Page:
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Professors analyze trends among female drug offenders


January 08, 2007

The illicit drug world has traditionally been perceived as a man’s domain with little research done on how women offenders behave. But soon-to-be-published research by two Arizona State University professors will offer a glimpse into female behavior in the drug community and the impact it has affected on our society.

Marie Griffin and Nancy Rodriguez jumped at the opportunity to analyze data collected by Arrestee Drug Abuse Monitoring (ADAM) surveys conducted at 32 locations around the country. Funding from the National Institute of Justice (NIJ) supported their efforts. Griffin and Rodriguez are professors in the School of Criminology and Criminal Justice, College of Human Services at ASU's West campus.

“No one had looked at the differences between men and women in the drug trade. This was an opportunity to explore what has been seen as a masculine activity,” says Griffin, who has specialized her coursework in female offenders.

Rodriguez participated in the gathering of the ADAM data, interviewing men and women at sites in Phoenix and Tucson.  Her strong statistical expertise assured the greatest possible success in her collaboration with Griffin.

Their findings reveal that when all characteristics are equal, such as the communities in which these females operate, they employ different approaches when purchasing illegal drugs. For example, women are less likely than men to approach men in public to make a drug buy and are more likely to use sex to barter for illegal drugs.

“It’s similar to the role we would expect a woman to assume,” says Griffin, explaining that females also are more likely to make drug purchases through their personal networks rather than from a stranger.

The importance of the collaborative research by the two West campus professors is underscored by NIJ’s highly selective process – the ASU research is one of just five out of 150 submissions chosen for publication in the organization’s prestigious National Institute of Justice Journal. 

The research findings reflect the limited scope of women’s social contacts and also highlight the risk-reducing value of women’s personal networks. Reliance on individuals within one’s network of known purchasers or sellers allows for increased levels of trust and security among women, who are viewed as “easy targets” and are perceived as less likely to retaliate with violence if victimized or sold fake drugs, the researchers wrote.

Rodriguez notes the ADAM findings offer the first empirical data that explores actual behavior rather than simple statistics that center on who was arrested and why. During her research, she worked closely with students from ASU and the University of Arizona to conduct interviews of arrestees in Arizona. The subsequent information, gathered in a 24-page survey, was collected from 2000 through 2003, before funding for the national project was lost. Maricopa County is now considering renewing funds to renew the research Rodriguez and Griffin are conducting.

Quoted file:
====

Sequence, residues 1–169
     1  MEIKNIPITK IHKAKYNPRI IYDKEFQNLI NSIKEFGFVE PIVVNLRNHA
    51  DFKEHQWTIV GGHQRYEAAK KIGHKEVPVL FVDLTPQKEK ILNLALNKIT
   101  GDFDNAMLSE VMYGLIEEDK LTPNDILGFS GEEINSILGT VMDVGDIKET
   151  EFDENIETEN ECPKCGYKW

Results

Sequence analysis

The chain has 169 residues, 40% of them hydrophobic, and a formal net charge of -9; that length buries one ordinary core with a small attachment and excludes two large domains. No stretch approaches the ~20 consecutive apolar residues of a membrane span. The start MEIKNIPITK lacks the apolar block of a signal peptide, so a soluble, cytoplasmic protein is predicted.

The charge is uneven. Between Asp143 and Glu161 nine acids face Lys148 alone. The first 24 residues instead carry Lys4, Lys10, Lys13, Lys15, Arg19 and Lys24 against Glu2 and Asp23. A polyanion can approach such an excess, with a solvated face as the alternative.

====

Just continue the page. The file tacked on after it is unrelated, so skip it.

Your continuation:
“It’s so important to find out what the behaviors were if we hope to target intervention,” reports Rodriguez.

Joining ASU faculty in 1998, Rodriguez also has researched sentencing policies, juvenile court processes and substance abuse. Her work has included program evaluations of drug courts, restorative justice programs, and three strikes laws. She also has conducted studies on the role of race/ethnicity and gender in juvenile court processes and worked on a statewide analysis of race/ethnicity and gender in Arizona’s juvenile court system.

Gender issues in the criminal world have been the focus of Griffin’s work since she came to ASU in 1997. Her early research involved self-identified drug offenders, conducted while also teaching a course in Women, Crime and Justice at the West campus.

She also has worked with researchers at Columbia University, focusing on the effects of criminal justice sanctions on developmental outcomes of youthful felony offenders. This research successfully served as an evaluator on various research projects with the Arizona Department of Corrections, Maricopa County Sheriff's Office, Maricopa County Adult Probation and the Arizona Department of Juvenile Corrections.

The two are honored that the National Institute of Justice has chosen to highlight their work on female drug behavior in its journal.

“The fact that NIJ selected our project is telling as to what impact it can have,” Rodriguez says. Using a Dean’s Incentive Grant, the two plan to continue working together on the female behavior characteristics revealed in the ADAM data.

“It’s such a classic example in the way colleagues could, and should, collaborate,” Griffin says.